Borrowing your neighbor’s unencrypted Wi-Fi connection has become a common practice in American society. In a recent Wakefield Research poll, commissioned by the Wi-Fi Alliance, 32 percent of respondents admitted to tapping into a Wi-Fi network that wasn’t theirs – up from 18 percent in a December 2008 poll.

Some 40 percent of survey respondents also said they would be more likely to trust someone with their house key than with their Wi-Fi network password. More than one quarter of those surveyed said sharing their Wi-Fi network password feels more personal than sharing their toothbrush.

The findings underscore general populace’s murky understanding about the risks associated with not locking down their home Wi-Fi systems.

“Most consumers know that leaving their Wi-Fi network open is not a good thing, but the reality is that many have not taken the steps to protect themselves,” said Kelly Davis-Felner, marketing director for the Wi-Fi Alliance. “Consumers can usually activate Wi-Fi security protections in a few simple steps, but much like the seatbelts in your car – it won’t protect you unless you use it.”

Perhaps the most stunning evidence that many homes and businesses don’t take the simple steps to encrypt Wi-Fi networks comes courtesy of Google. Last May, Germany complained about Google’s global fleet of StreetView cars taking photos of street scenes for Google Maps, but also harvesting unencrypted data moving from Wi-Fi networks.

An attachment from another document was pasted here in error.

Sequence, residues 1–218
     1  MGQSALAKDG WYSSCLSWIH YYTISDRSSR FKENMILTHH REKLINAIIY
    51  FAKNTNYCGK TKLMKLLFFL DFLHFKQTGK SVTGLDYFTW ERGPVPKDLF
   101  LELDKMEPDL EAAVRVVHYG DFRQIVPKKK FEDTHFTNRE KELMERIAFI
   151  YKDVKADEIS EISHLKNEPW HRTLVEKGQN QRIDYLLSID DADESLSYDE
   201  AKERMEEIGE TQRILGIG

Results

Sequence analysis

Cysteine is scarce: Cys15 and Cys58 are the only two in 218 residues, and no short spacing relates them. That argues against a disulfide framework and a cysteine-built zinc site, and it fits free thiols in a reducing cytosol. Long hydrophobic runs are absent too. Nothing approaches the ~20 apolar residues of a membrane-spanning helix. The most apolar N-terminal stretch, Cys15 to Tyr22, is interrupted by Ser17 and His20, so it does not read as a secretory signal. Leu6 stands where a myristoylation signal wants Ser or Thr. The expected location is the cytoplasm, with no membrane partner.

Google subsequently admitted that it had harvested 600 gigabytes of personal Wi-Fi data from homes and businesses in 33 nations over a three-year period.

What’s more, the average Internet user also remains muddled about his or her exposure while using free Wi-Fi hotspots that now are everywhere.

Whether mooching off of your unwitting neighbors, or using a complimentary Wi-Fi hotspot connection found at Starbucks, Panera Bread, McDonalds, Barnes & Noble and other major retailers, you are exposing yourself to another kind of risk. A computer user sitting nearby can easily eavesdrop as you email, network socially and shop online. It has become trivial for a low-level hacker to grab your account logons and payment card information.

” I don’t want to blow this out of proportion,” says Davis-Felner. “I run a bigger risk in a hotspot of somone coming up from behind me and stealing my purse from under my chair. That being said, we use Wi-Fi more than ever as our primary Internet connection, for sensitive matters.”

The bottom line: You’re assuming a small risk, but the outcome could be very, very bad, she says.

Since most public hotspots leave security protections turned off, you should, as a rule, never transmit any sensitive data at a public hotspot. Here are some other best practices, supplied by the Alliance:

  • Set home Wi-Fi networks for WPA2™ security – This is the latest in network security technology. It controls who connects to the network and encrypts data for privacy.
  • Look for Wi-Fi CERTIFIED™ products – Wi-Fi CERTIFIED devices are required to implement WPA2 security.
  • Look for devices with Wi-Fi Protected Setup™ – With an action as simple as the push of a button, new devices can be added to an existing network securely.
  • Create strong passwords – Ensure that your network password is at least 8 characters long, does not include any dictionary words or personal information, and is a mix of upper and lower case letters and symbols.
  • Turn off automatic connecting – Many products such as mobile phones and notebooks are set to connect to any available wireless signal. Turn this off, and only connect to and from networks and devices they are familiar with.

Source: USA Today